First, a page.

Even ones with real keyboards they are just good for typing short messages, really small buttons makes it hard to type. At least with the touch screen the keys are actually a bit bigger as you can switch keyboards for what you are typing.

        I'm with you on that. I'm not convinced by the iPhone for my needs (making calls, SMSs and occasional browsing/email) since if I want to spend much time browsing or typing, I'll use my laptop or desktop machine. The new Android device looks like it might fit my usage a bi
        • by GooberToo (74388)

          My reaction to the first Android phone was that it is so bulky

          I never understand these statements. I added armor to my phone which considerably bulks it up in addition to protecting it. The bulked up size actually fits my hand. On the other hand, hehe, my G1 fits my wife's hands just about right. And with the added armour, its equally comfortable for her.

          Unless you're a teenage girl or have really effeminate, child-like hands, the iPhone and really, the only slightly larger G1, is too small in its native fo

      • by raitchison (734047) <robert@aitchison.org> on Tuesday February 17, 2009 @09:58AM (#26886423) Homepage Journal

        For people with big hands a touch screen keyboard (at least Apple's implementation of it) is pretty much unusable. Even if you are very accurate with your key presses you fingers will frequently hit another key. When I've used an iPhone I had to resort to typing with my pinky which is pretty awkward.

        A well designed physical keyboard (IMO the G1 has one) even if the keys are smaller you can still put the pressure on the key you want to press and it and only it will be pressed. Other physical keyboards, such as those on the Pantech Duo they keys are too flat and they aren't any better than a virtual keyboard.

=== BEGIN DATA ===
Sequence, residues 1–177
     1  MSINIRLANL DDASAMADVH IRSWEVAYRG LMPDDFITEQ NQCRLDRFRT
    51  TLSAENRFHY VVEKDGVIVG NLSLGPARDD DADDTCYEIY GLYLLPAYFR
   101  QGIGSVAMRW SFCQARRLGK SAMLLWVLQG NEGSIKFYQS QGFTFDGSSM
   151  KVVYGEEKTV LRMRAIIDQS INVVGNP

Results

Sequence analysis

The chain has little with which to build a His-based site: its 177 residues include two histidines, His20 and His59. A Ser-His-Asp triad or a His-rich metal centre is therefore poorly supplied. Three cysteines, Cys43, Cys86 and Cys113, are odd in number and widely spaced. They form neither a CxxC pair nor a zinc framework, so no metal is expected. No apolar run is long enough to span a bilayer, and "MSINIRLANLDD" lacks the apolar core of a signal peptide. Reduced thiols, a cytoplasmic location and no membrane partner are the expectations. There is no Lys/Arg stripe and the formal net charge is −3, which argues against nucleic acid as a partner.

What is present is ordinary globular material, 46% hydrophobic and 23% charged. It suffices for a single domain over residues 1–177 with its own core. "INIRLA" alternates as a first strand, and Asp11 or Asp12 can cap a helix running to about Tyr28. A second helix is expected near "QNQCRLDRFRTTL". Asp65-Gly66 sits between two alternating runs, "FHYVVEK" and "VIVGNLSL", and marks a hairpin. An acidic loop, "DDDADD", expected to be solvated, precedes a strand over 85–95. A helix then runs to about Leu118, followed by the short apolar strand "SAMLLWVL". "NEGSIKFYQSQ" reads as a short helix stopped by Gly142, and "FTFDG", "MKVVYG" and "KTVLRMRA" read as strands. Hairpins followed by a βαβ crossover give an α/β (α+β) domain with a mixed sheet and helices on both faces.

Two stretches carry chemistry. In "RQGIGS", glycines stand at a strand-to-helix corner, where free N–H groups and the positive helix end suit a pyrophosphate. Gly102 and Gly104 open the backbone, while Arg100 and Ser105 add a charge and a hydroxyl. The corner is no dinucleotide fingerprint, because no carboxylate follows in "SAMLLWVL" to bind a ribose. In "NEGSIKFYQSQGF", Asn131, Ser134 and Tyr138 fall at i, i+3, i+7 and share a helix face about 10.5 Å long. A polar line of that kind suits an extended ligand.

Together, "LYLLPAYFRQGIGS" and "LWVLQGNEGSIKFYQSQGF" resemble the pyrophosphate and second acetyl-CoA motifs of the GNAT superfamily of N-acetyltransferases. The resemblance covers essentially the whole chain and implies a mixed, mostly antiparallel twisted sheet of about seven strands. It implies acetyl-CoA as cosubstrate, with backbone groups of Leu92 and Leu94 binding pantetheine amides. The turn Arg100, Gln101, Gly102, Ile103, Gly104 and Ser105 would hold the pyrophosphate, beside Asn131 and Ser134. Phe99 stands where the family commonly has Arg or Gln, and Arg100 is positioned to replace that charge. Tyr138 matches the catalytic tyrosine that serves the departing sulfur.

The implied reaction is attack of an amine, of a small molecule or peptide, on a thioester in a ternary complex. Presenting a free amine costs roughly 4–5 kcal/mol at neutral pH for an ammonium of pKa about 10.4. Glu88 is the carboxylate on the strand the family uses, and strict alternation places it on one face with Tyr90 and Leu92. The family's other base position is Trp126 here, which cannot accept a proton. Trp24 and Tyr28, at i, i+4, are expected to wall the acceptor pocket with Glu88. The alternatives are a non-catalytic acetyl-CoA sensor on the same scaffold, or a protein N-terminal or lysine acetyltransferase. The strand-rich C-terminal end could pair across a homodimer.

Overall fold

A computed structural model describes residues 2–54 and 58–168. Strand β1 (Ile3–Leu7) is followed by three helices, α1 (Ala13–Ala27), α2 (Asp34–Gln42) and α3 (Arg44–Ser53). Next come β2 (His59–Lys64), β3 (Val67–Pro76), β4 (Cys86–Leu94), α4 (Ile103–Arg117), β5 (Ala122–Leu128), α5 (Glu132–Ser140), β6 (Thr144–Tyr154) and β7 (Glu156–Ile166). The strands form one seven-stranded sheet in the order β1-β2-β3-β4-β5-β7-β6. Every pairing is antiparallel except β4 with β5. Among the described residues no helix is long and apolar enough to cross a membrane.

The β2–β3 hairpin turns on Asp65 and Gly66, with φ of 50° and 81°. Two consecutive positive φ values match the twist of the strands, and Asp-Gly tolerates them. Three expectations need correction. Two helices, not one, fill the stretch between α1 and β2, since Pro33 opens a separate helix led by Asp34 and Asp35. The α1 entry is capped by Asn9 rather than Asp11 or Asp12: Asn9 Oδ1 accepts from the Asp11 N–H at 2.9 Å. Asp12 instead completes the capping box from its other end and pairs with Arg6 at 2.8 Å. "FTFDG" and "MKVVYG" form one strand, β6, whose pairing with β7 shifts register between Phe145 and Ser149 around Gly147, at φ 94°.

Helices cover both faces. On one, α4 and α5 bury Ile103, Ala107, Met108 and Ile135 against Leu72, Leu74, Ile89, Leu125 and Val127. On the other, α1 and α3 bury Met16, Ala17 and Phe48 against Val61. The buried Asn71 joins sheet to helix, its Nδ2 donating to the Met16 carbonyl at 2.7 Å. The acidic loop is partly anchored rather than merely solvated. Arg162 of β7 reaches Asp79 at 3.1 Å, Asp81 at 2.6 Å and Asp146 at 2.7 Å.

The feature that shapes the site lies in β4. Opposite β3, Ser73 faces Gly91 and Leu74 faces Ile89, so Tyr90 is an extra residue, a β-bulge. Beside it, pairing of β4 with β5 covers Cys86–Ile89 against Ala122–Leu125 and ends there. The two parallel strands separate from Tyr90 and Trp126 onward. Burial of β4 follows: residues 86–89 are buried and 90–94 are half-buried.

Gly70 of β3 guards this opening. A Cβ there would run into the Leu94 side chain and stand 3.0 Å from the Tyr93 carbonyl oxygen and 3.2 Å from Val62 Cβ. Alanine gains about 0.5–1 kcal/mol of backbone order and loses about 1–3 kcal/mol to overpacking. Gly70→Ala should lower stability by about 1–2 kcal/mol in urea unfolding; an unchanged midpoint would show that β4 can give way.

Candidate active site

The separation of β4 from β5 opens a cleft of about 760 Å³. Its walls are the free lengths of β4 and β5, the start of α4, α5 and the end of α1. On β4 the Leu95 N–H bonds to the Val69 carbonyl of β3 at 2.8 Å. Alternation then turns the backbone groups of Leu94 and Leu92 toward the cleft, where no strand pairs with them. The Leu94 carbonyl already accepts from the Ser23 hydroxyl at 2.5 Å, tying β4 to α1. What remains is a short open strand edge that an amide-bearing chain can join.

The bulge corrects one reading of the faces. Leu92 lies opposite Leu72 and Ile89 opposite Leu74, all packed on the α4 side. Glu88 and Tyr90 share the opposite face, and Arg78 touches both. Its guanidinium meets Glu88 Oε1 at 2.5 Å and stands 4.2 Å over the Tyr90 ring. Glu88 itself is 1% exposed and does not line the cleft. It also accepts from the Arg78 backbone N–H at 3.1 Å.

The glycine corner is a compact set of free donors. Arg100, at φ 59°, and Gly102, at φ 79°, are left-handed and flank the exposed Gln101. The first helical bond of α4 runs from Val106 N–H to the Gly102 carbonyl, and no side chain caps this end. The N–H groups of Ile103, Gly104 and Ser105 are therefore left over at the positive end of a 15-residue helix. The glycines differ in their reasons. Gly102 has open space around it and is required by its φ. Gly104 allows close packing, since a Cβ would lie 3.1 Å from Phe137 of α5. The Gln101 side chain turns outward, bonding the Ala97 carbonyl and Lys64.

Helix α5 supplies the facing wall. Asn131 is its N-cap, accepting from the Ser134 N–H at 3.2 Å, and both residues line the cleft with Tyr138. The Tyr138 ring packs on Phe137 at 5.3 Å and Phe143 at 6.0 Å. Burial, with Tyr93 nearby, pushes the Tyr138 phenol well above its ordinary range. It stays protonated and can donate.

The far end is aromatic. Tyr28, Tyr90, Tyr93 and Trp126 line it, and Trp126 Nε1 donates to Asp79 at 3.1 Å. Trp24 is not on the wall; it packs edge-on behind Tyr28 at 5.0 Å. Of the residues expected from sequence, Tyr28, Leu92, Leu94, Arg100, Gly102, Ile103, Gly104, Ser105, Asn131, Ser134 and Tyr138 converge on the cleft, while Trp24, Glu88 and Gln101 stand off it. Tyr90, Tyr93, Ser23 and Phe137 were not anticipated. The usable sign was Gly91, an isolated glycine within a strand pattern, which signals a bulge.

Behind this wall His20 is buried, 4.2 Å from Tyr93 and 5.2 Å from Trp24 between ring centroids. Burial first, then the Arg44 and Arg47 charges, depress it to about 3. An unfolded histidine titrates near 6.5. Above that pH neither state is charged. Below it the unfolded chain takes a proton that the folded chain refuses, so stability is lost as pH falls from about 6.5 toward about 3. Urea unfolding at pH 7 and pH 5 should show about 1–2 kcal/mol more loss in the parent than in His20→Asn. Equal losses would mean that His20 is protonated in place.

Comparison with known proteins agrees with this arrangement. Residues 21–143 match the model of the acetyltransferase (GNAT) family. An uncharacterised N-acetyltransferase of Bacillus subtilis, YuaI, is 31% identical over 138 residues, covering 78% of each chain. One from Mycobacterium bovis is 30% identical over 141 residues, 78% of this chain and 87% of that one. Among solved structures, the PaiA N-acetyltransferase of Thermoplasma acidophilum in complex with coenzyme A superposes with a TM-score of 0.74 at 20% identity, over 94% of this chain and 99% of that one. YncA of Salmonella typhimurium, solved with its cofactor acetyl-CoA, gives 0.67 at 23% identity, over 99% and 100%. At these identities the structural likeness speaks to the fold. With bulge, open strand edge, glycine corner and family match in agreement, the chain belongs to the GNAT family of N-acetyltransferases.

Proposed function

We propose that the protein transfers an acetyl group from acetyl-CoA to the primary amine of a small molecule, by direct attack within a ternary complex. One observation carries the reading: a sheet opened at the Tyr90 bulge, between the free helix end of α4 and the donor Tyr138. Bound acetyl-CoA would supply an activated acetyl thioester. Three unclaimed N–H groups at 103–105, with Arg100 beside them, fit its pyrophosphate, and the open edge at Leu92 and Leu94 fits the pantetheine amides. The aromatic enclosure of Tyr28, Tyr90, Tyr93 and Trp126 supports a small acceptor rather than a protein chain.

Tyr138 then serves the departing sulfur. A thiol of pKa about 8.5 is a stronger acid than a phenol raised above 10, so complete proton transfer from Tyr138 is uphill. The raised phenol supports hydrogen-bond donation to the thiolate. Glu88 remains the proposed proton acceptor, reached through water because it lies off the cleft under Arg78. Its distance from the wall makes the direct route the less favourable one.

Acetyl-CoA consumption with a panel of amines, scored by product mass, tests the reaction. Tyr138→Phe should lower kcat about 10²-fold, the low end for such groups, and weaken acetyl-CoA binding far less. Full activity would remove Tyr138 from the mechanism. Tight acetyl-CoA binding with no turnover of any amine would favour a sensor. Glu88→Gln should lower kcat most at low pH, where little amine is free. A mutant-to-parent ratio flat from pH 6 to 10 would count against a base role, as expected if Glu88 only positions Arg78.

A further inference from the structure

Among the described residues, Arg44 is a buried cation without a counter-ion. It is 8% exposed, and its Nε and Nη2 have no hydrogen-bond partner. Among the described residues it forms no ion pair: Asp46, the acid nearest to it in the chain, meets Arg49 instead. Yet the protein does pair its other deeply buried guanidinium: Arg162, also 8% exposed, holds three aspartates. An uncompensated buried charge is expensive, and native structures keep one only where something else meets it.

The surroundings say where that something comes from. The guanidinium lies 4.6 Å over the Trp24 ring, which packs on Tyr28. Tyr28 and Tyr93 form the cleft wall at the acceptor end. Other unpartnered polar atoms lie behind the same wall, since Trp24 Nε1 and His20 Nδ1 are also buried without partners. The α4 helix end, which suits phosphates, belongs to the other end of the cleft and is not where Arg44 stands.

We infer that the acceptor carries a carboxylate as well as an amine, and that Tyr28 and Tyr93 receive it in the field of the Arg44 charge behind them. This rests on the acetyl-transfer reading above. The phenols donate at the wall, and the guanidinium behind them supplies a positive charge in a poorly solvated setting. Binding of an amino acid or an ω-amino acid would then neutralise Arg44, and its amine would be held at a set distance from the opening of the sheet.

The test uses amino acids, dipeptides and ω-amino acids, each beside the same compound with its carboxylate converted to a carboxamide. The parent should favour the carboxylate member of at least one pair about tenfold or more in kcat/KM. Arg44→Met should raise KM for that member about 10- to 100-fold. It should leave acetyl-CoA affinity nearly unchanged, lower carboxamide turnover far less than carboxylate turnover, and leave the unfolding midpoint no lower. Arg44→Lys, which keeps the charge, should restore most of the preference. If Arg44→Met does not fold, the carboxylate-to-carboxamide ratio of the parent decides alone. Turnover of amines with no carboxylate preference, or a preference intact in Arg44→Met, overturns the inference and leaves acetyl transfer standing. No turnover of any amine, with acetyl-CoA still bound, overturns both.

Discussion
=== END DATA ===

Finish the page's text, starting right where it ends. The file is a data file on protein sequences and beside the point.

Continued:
• by rickb928 (945187)

          Half the ease of use of a touch screen keyboard is, IMHO, in the software.

          I use the Steel browser on my G1 in preference to the standard browser (eat it, Google, I want my iGoogle page MY way, you evil uncaring dictatorial bastards!), and the on-screen keyboard in the first rev was weak and difficult. I mistyped a lot.

          The recent update changed the onscreen keyboard just enough that it is almost more accurate for me than the hard keys. And I do not have small fingers, nor am I very accurate. My typing suc

      • by GooberToo (74388)

        I never got this Cellphone Keyboard obsession thing. Even ones with real keyboards they are just good for typing short messages, really small buttons makes it hard to type.

        I assume you've never actually used one. That "really hard to [type]", keyboard is far more efficient, faster to use, and less error prone than the on-screen variants. And as a bonus, you're not surrendering huge chunks of screen real-estate to support a clunky, non-tactile, error-prone, slow keyboard.

        Any smart phone which does not have a

        • by joggle (594025)

          Exactly. As for myself I will never own another smart phone unless that phone has a keyboard. It's just impossible to do any ssh without one and while I usually have my laptop it can be a pain to lug around whereas having access to a small terminal with an internet connection anywhere I go is extremely useful.

          • Re: (Score:3, Informative)

            by smilindog2000 (907665)

            I guess I agree with you there, though I miss my old iPhone. My G1 seems like a Model T in comparison hardware-wise, but I don't think I can go back to the no-keyboard situation. My old eyes just don't work well enough to find those small keys.

            I looked at all the photos of the new phone. Here's some insights from a G1 owner:

            - The screen is *exactly* the same model. It's nice, but only 2.5". Every time I hold an iPhone, what really strikes me is that huge 3.5" screen.
            - They *still* don't have a headset

            • by joggle (594025)

              It's possible to charge while listening to music, you just have to buy an adapter. I bought one of these so that I could listen to music during a long road trip.

              The adapter is here: http://store.androidcommunity.com/content/accessories/11-176--4401.htm [androidcommunity.com]

              At $16 it's not too bad a price and it also can replace that annoying dongle you have to use to hook up headphones.

            • by Cederic (9623)

              - The screen is *exactly* the same model. It's nice, but only 2.5". Every time I hold an iPhone, what really strikes me is that huge 3.5" screen.

              The screen is smaller, but the resolution is the same.

              Personally I think that's an improvement. Smaller pixels, greater information density, no loss of text on-screen.